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charlesarthur : transit   3

Why is American mass transit so bad? It's a long story • CityLab
Jonathan English:
<p>One hundred years ago, the United States had a public transportation system that was the envy of the world. Today, outside a few major urban centers, it is barely on life support. Even in New York City, subway ridership is well below its 1946 peak. Annual per capita transit trips in the US plummeted from 115.8 in 1950 to 36.1 in 1970, where they have roughly remained since, even as population has grown.

This has not happened in much of the rest of the world. While a decline in transit use in the face of fierce competition from the private automobile throughout the 20th century was inevitable, near-total collapse was not. At the turn of the 20th century, when transit companies’ only competition were the legs of a person or a horse, they worked reasonably well, even if they faced challenges. Once cars arrived, nearly every US transit agency slashed service to cut costs, instead of improving service to stay competitive. This drove even more riders away, producing a vicious cycle that led to the point where today, few Americans with a viable alternative ride buses or trains.

Now, when the federal government steps in to provide funding, it is limited to big capital projects. (Under the Trump administration, even those funds are in question.) Operations—the actual running of buses and trains frequently enough to appeal to people with an alternative—are perpetually starved for cash. Even transit advocates have internalized the idea that transit cannot be successful outside the highest-density urban centers.

And it very rarely is.</p>


Fascinating in-depth look at the topic, and one of an upcoming series. The core problem is that cars were favoured as the suburbs sprawled, and the US has plenty of space; it also doesn't have old cities as Europe does.
transit  america 
september 2018 by charlesarthur
CM2- Night Rider, our first ££ commercial bus route • Citymapper
Citymapper is starting a night bus, after analysing peoples' travel needs and where they go. It's all mod cons; looks very swish. And for the international readers:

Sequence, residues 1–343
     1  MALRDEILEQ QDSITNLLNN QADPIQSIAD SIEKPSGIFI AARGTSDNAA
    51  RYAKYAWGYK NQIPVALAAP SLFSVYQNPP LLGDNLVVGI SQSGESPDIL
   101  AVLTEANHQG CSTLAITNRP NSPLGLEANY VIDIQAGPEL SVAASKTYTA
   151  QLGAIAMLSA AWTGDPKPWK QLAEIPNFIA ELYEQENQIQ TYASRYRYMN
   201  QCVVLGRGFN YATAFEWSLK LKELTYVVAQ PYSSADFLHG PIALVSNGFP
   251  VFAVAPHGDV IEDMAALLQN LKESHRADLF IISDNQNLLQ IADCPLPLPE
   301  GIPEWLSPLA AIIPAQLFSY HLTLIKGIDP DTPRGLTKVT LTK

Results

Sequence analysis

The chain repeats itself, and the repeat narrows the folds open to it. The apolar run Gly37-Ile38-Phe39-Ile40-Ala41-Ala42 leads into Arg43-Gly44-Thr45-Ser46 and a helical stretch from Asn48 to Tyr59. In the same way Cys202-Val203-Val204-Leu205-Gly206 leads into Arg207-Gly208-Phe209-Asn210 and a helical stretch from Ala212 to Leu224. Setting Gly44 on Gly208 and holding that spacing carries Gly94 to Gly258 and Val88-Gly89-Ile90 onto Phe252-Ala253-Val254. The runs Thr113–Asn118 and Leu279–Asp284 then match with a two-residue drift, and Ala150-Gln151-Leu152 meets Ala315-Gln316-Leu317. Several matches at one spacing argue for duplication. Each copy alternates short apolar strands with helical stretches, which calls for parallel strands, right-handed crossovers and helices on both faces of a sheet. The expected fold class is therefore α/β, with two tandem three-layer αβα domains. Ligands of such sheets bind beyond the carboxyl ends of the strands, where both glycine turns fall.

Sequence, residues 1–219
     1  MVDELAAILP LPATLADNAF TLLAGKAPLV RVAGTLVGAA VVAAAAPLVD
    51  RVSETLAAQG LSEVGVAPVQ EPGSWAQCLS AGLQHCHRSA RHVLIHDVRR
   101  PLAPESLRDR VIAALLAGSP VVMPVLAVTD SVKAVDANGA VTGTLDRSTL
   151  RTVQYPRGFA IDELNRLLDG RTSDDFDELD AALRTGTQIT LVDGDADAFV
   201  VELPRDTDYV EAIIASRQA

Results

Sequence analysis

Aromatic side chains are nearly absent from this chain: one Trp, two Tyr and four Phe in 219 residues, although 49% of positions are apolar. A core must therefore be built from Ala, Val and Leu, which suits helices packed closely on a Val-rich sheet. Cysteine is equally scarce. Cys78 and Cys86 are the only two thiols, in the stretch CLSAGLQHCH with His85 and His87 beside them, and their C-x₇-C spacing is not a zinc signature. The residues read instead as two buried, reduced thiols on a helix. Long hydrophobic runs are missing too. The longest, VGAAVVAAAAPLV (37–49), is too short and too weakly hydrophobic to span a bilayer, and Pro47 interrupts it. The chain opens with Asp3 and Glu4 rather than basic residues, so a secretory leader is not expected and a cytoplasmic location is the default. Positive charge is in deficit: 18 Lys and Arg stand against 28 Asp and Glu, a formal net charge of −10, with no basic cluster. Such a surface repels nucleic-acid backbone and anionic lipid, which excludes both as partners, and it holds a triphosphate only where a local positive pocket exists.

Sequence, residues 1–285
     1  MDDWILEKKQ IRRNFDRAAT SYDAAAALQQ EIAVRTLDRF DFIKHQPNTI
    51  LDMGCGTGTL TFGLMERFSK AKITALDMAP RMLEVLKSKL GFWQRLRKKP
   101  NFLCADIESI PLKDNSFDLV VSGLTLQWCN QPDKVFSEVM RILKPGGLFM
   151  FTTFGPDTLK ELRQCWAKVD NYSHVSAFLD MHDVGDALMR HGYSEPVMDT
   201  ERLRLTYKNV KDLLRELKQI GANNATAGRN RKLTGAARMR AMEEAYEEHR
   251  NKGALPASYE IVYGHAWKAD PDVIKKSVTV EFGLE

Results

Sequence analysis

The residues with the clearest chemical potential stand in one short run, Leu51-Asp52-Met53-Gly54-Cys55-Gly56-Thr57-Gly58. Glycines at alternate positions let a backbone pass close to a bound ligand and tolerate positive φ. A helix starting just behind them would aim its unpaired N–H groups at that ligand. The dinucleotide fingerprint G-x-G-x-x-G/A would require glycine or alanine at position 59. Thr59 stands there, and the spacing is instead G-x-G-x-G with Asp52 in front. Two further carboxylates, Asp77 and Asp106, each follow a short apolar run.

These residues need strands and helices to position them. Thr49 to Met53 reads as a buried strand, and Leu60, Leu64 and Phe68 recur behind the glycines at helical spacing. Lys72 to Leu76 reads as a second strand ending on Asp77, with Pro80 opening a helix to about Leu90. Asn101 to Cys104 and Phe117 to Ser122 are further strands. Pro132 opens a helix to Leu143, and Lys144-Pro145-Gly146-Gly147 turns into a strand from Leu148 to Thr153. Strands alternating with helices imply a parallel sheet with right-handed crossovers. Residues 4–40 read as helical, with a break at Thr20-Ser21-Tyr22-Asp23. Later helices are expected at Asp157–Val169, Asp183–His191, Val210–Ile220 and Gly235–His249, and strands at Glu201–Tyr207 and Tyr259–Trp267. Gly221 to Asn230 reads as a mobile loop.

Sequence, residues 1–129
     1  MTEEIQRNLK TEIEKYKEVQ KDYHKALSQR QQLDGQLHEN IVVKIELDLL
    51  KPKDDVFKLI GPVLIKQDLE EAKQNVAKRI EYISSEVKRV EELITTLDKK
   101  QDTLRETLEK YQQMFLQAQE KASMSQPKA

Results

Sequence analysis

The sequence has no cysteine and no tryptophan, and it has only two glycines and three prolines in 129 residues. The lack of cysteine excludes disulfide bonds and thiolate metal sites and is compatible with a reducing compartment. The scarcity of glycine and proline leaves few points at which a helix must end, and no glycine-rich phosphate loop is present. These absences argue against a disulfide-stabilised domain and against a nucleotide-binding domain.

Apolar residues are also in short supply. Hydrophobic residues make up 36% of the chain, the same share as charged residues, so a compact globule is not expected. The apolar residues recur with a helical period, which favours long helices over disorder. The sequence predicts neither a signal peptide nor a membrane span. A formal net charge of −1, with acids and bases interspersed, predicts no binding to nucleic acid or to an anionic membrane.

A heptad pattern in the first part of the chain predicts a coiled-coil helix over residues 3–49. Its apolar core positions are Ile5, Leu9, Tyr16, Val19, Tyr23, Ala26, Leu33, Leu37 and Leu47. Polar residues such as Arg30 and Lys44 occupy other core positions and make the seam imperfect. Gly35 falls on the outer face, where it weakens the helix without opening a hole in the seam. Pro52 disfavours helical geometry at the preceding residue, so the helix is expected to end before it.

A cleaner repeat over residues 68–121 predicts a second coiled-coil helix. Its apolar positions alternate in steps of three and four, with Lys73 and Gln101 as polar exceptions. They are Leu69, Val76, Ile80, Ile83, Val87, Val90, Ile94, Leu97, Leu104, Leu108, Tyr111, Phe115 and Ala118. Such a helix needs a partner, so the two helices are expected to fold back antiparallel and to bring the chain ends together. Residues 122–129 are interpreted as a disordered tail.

<p>Note to Silicon Valley: it’s a social hyper-local multi-passenger pooled vehicle<br />Our geo-matching technology routes the multi-seated vehicles to specially calculated lat long locations, which optimise the boarding of multiple homosapiens with varied demographics, while minimising waiting times, leading to efficient overall ETAs.

Note to rest of the world: it’s a bus<br />A proper bus, since this is a busy route. We will use bus stops just like any other bus. We will operate hop on hop off just like any other bus. The buses will be green though of course.</p>


But all of it is worth a read. Going from a free app to a paid-for bus is a neat idea.
app  citymapper  london  transit 
july 2017 by charlesarthur
A technical follow-up: how we built the world’s prettiest auto-generated transit maps • Medium
Anton Dubrau of Transit, which makes the Transit app:
<p>Success!

[Our transit map of showing line intersections was] Pretty good for a Version 1. Much better than Google, seeing as you can more or less tease out where each line is going. We were ready to roll out Transit Maps! And then… Apple Maps happened.
In the summer of 2015, after having worked on our maps for the better part of a year, we were finally ready to release our first version of Transit Maps. Then Apple rolled out their transit maps, and they were really pretty.

<img src="https://cdn-images-1.medium.com/max/1600/1*zd0D-1zON6rJ-nQb2jWkNA@2x.png" width="100%" />

They instantly raised the bar for what transit maps should look like. In our drawings and designs, the end goal was something similar to (or better than) what Apple subsequently released, but we were planning to get there after releasing our Version 1.

Compared to Apple, our proposed Version 1 was kind of mediocre. Our Designer-CEO decreed that beating Google was not good enough — we also had to at least play in the same league as Apple.

After closer scrutiny, we hypothesized that Apple was drawing their maps manually. There were huge lags between the release of new cities, and there was something strangely off about the way the maps looked — as though they were drawn by humans, not computers. This meant that although our maps weren’t quite as pretty, our algorithm was still ahead of theirs.

At this point, we also knew that the hard part was behind us.</p>
transit  maps 
october 2016 by charlesarthur

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